Integrin,alphaIIbbeta3: Tale of Two Cytoplasmic Tails

Date of Completion

January 2010


Chemistry, Biochemistry|Health Sciences, Pharmacy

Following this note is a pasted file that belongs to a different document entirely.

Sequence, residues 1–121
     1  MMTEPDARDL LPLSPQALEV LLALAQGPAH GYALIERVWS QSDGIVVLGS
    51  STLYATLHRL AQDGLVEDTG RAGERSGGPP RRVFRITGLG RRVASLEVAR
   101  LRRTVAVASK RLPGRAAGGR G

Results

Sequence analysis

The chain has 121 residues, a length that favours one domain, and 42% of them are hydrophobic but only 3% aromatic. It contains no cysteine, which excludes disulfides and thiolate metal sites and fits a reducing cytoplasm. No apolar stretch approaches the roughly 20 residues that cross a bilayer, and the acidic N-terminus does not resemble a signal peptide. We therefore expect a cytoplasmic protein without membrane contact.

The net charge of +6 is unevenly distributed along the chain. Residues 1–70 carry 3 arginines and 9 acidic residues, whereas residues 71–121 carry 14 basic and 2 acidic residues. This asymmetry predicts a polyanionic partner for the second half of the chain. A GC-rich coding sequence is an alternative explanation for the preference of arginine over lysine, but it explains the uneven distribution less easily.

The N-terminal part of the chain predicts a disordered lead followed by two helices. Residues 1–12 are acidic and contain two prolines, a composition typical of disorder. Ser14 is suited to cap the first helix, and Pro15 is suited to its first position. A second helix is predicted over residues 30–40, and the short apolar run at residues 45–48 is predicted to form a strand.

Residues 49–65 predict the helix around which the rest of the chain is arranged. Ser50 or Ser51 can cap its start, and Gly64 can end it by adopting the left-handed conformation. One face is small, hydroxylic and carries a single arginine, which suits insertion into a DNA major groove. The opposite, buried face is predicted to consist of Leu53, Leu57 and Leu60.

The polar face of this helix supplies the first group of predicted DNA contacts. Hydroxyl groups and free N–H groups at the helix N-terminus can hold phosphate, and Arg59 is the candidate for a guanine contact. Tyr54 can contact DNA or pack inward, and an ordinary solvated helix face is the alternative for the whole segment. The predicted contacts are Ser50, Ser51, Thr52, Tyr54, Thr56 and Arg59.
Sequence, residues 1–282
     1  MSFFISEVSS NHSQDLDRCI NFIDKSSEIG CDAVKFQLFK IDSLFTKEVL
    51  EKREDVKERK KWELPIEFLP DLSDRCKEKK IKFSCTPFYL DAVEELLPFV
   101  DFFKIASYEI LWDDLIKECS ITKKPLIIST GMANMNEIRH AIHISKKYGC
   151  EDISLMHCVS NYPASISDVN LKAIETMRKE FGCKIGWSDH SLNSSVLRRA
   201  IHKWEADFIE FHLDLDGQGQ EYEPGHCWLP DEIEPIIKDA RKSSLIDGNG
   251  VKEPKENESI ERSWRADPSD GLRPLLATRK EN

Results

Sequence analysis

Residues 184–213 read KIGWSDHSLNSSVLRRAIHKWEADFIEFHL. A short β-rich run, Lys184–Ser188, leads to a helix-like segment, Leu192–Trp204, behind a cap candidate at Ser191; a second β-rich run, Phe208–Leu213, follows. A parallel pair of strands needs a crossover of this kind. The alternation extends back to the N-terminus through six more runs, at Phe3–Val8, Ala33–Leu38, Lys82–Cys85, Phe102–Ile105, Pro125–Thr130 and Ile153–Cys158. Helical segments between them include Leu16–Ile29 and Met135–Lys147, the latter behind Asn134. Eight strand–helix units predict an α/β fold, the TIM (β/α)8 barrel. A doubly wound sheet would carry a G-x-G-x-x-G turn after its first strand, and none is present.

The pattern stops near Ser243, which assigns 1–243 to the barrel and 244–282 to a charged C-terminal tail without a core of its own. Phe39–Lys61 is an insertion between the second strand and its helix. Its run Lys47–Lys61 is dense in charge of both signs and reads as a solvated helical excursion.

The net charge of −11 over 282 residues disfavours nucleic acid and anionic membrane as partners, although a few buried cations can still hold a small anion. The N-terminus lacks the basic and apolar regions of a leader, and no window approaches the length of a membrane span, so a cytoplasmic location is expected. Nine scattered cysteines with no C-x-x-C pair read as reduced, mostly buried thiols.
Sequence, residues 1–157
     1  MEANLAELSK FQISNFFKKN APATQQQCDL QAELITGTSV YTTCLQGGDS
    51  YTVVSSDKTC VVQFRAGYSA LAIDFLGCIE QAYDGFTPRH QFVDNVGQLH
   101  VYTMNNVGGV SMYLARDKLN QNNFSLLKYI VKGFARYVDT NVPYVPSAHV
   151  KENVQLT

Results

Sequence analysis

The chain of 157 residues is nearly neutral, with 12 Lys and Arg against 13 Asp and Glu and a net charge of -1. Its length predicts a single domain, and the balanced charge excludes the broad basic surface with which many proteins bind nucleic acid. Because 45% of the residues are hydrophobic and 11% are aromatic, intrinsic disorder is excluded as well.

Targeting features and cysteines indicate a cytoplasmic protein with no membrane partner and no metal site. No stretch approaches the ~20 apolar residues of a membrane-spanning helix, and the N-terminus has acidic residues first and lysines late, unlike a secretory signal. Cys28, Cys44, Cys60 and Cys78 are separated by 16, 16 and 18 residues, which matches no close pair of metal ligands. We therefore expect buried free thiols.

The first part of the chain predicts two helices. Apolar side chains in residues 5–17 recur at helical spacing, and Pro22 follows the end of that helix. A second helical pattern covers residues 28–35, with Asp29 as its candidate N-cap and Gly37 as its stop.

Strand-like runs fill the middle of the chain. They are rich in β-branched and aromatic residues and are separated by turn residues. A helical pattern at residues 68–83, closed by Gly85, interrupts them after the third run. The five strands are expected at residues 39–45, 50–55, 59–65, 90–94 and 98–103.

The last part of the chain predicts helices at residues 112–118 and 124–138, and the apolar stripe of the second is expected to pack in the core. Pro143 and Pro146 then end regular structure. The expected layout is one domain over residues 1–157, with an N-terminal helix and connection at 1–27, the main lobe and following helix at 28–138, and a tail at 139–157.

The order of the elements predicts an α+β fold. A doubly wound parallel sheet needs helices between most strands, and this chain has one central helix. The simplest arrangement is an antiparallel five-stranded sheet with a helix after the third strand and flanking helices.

Metazoans' cells adapt continuously in order to survive in a highly dynamic extracellular environment which requires a flow of information from extracellular matrix (ECM) to the cytoplasm. This process is controlled by integrins, the heterodimeric (α, β), glycoprotein adhesion receptors, which mediate cell-cell and cell-ECM interactions. The unique bidirectional flow of information through integrins involves ‘inside-out’ signals that allow them to interact with extracellular ligands, and ligand-dependent ‘outside-in’ signals that adjust the cellular response to cell adhesion. These integrins-ECM interactions are controlled by integrins' extracellular domains whereas integrins-cytoplasmic proteins interactions are controlled via their cytoplasmic tails (CTs). ^ This thesis focuses on the CTs of platelet integrin αllbβ 3 and their interaction with two different adapter proteins, skelemin and Shc. Phosphorylation of the integrin tails is considered to be one of the spatiotemporal, regulatory mechanisms. In case of β3CT, phosphorylation of the two tyrosine residues (747pY, 759pY) is crucial for controlling its function. Chapters 4 and 5 of this thesis deal with structural investigations of tyrosine phosphorylation of β3CT and its impact on the cross-talk with vascular endothelium growth factor receptor 2 (VEGFR2). ^ Chapter 6 concentrates on interaction between bi-phosphorylated β 3CT (747pY, 759pY) and an adaptor protein, Shc. Previous studies have shown that by specifically recognizing the tyrosine phosphorylated integrin β3, Shc mediates integrin ‘ outside-in’ signaling, although the structural basis of this interaction has remained nebulous. In chapter 6, we present the detailed structural analysis of Shc Phosphotyrosine Binding (PTB) domain in complex with the bi-phosphorylated β 3CT which reveals the first snapshot of an integrin cytoplasmic tail bound to a target for mediating the ‘outside-in’ signaling. ^ Finally, in Chapter 7, we decipher the interaction between CTs of α llbβ3 with a scaffold protein, skelemin. The two-tandem immunoglobulin C2-like repeats of skelemin (SklgC4, SklgC5, and SklgC45 when together) have been shown to interact with integrin β3CT. Our data shows that SklgC45 domains form a complex not only with integrin β 3CT but also, surprisingly, with the αllbCT. These data provide the first molecular insights into how skelemin may interact with integrins and regulate integrin-mediated signaling and cell spreading. ^